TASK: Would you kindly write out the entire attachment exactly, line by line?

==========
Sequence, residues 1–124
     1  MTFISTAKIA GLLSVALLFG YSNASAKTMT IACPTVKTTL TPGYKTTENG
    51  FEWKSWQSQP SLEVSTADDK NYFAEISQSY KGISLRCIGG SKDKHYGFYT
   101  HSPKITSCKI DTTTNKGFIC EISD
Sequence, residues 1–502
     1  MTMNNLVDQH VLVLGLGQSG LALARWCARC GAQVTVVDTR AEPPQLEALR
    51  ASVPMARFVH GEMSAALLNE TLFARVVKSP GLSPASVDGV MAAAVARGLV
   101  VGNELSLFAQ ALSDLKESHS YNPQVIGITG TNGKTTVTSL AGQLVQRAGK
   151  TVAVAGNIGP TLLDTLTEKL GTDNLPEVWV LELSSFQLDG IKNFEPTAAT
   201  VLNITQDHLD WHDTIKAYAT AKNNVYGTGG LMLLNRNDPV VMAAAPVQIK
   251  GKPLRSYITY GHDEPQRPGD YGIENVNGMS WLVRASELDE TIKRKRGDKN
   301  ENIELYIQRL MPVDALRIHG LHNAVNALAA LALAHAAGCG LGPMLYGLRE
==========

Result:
Sequence, residues 1–124
     1  MTFISTAKIA GLLSVALLFG YSNASAKTMT IACPTVKTTL TPGYKTTENG
    51  FEWKSWQSQP SLEVSTADDK NYFAEISQSY KGISLRCIGG SKDKHYGFYT
   101  HSPKITSCKI DTTTNKGFIC EISD
Sequence, residues 1–502
     1  MTMNNLVDQH VLVLGLGQSG LALARWCARC GAQVTVVDTR AEPPQLEALR
    51  ASVPMARFVH GEMSAALLNE TLFARVVKSP GLSPASVDGV MAAAVARGLV
   101  VGNELSLFAQ ALSDLKESHS YNPQVIGITG TNGKTTVTSL AGQLVQRAGK
   151  TVAVAGNIGP TLLDTLTEKL GTDNLPEVWV LELSSFQLDG IKNFEPTAAT
   201  VLNITQDHLD WHDTIKAYAT AKNNVYGTGG LMLLNRNDPV VMAAAPVQIK
   251  GKPLRSYITY GHDEPQRPGD YGIENVNGMS WLVRASELDE TIKRKRGDKN
   301  ENIELYIQRL MPVDALRIHG LHNAVNALAA LALAHAAGCG LGPMLYGLRE